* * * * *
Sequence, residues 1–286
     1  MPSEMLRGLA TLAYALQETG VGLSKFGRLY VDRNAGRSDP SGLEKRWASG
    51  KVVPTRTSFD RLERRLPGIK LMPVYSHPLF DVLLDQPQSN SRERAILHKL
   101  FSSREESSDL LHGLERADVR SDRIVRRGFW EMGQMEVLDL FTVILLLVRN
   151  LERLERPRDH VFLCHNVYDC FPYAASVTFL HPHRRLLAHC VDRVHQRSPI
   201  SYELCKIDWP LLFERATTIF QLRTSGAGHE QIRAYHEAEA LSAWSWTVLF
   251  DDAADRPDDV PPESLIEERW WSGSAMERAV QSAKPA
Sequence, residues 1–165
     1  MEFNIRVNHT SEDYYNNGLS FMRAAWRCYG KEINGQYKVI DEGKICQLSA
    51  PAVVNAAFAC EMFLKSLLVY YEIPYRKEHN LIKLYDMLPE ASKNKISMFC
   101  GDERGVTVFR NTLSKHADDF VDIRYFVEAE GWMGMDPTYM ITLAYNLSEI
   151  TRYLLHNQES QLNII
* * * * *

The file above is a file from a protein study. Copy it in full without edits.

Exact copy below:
Sequence, residues 1–286
     1  MPSEMLRGLA TLAYALQETG VGLSKFGRLY VDRNAGRSDP SGLEKRWASG
    51  KVVPTRTSFD RLERRLPGIK LMPVYSHPLF DVLLDQPQSN SRERAILHKL
   101  FSSREESSDL LHGLERADVR SDRIVRRGFW EMGQMEVLDL FTVILLLVRN
   151  LERLERPRDH VFLCHNVYDC FPYAASVTFL HPHRRLLAHC VDRVHQRSPI
   201  SYELCKIDWP LLFERATTIF QLRTSGAGHE QIRAYHEAEA LSAWSWTVLF
   251  DDAADRPDDV PPESLIEERW WSGSAMERAV QSAKPA
Sequence, residues 1–165
     1  MEFNIRVNHT SEDYYNNGLS FMRAAWRCYG KEINGQYKVI DEGKICQLSA
    51  PAVVNAAFAC EMFLKSLLVY YEIPYRKEHN LIKLYDMLPE ASKNKISMFC
   101  GDERGVTVFR NTLSKHADDF VDIRYFVEAE GWMGMDPTYM ITLAYNLSEI
   151  TRYLLHNQES QLNII